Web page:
In 1999, Danish director Thomas Vinterberg announced himself as a major talent with the devastating family drama Festen. Adhering to the strict code of Dogme 95, the film eschewed the use of such unnecessary tools as lighting and special effects in favour or story and raw, emotional storytelling. The film was a tour-de-force and many predicted a long and much vaunted career lay ahead for Vinterberg, much like his compatriot Lars Von Trier. It’s taken him thirteen years to produce a film of comparable quality but The Hunt is comfortably Vinterberg’s best film since Festen.
Mads Mikkelsen plays Lucas, a kind, good natured primary school teacher who is extremely popular amongst his students and contemporaries. This all changes when an accusation is made against by one of his young students. We, the audience, know the accusation to be false but it doesn’t take long before Mikkelsen’s life is slowly unravelling and he’s being assaulted in the local supermarket.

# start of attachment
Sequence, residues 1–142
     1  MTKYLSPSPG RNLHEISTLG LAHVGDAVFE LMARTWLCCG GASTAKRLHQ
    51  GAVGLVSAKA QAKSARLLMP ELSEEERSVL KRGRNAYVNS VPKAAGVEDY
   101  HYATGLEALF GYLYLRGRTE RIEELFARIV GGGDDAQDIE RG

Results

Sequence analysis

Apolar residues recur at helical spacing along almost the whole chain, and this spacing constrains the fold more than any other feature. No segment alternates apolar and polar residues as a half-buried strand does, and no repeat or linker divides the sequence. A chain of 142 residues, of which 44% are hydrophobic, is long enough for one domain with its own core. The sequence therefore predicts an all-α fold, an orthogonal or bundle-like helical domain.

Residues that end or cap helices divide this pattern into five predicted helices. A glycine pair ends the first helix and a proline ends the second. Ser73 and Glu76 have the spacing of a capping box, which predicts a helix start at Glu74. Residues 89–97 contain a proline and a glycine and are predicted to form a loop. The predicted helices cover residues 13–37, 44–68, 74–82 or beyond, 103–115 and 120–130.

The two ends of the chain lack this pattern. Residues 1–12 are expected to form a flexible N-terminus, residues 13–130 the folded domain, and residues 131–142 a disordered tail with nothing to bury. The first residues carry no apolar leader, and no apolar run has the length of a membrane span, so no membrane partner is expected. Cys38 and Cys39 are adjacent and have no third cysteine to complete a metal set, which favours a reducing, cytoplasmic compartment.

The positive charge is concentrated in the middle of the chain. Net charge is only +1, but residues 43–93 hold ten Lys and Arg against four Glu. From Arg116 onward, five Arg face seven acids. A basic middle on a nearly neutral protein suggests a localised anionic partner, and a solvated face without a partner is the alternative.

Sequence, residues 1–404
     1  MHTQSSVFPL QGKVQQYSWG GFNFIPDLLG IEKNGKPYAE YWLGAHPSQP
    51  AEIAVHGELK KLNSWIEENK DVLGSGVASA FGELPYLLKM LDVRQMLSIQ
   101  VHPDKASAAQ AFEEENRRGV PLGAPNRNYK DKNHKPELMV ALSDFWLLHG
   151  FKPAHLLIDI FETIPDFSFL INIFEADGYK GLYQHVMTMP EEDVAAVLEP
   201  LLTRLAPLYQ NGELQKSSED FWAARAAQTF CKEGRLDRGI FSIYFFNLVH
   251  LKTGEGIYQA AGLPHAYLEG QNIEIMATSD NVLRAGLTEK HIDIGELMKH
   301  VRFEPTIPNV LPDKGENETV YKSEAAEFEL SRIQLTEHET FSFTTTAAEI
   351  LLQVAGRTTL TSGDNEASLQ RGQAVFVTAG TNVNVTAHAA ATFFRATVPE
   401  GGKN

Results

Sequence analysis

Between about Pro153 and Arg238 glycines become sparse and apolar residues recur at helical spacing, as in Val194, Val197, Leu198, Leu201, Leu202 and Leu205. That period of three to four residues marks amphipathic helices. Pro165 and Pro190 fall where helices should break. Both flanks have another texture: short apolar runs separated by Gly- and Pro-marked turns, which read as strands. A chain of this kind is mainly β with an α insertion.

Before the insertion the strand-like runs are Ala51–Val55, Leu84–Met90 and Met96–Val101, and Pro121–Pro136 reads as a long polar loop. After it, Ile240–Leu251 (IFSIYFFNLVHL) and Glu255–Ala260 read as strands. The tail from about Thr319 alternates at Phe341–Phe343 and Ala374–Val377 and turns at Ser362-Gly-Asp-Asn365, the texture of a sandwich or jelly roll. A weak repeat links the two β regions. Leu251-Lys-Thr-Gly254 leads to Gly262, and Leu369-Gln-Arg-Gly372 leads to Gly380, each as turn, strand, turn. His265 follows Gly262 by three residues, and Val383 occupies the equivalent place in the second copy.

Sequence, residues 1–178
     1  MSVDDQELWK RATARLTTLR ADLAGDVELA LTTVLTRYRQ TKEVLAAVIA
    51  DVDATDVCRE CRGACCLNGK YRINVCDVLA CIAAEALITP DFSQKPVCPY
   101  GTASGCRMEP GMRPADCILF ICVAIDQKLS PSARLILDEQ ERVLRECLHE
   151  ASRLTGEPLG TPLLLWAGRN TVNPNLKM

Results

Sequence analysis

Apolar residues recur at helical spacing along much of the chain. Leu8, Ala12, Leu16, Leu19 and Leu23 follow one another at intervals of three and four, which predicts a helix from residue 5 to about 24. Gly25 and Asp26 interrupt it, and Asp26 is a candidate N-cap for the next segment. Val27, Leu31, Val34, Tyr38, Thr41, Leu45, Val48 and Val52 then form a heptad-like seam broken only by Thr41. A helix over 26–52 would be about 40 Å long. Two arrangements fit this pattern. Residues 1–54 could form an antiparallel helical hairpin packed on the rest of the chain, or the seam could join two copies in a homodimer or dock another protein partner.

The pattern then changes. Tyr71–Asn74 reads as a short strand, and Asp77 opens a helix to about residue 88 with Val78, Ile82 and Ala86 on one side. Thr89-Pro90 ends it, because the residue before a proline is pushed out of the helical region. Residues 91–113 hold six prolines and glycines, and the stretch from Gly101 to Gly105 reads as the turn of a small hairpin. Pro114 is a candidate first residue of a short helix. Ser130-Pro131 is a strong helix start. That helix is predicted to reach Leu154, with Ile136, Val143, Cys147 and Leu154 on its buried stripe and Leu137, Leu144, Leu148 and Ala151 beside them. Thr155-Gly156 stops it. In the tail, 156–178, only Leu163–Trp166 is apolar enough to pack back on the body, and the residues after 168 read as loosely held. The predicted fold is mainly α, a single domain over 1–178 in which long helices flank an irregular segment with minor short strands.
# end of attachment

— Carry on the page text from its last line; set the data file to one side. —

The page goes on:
As we see a good man’s life being torn apart by events that are out of his control, the tension winds tighter and tighter, and the somewhat inevitable aspects of the conclusion draw ever nearer.
The film is most notable for the magnificent performance from lead actor Mikkelsen. He won the best actor award at Cannes and it’s a thoroughly deserved accolade. Mikkelsen is probably best known to UK audiences for playing the villainous Le Chiffre in Casino Royale but he’s been one of the most brooding and physical screen presences in European cinema for a few years now and The Hunt sees him brilliantly playing against type. There’s not a moment where he doesn’t have the audience empathising with him. A couple of the plot developments may stretch believability but this is a superior and quietly devastating drama that has already been picked up for UK distribution by Arrow Films.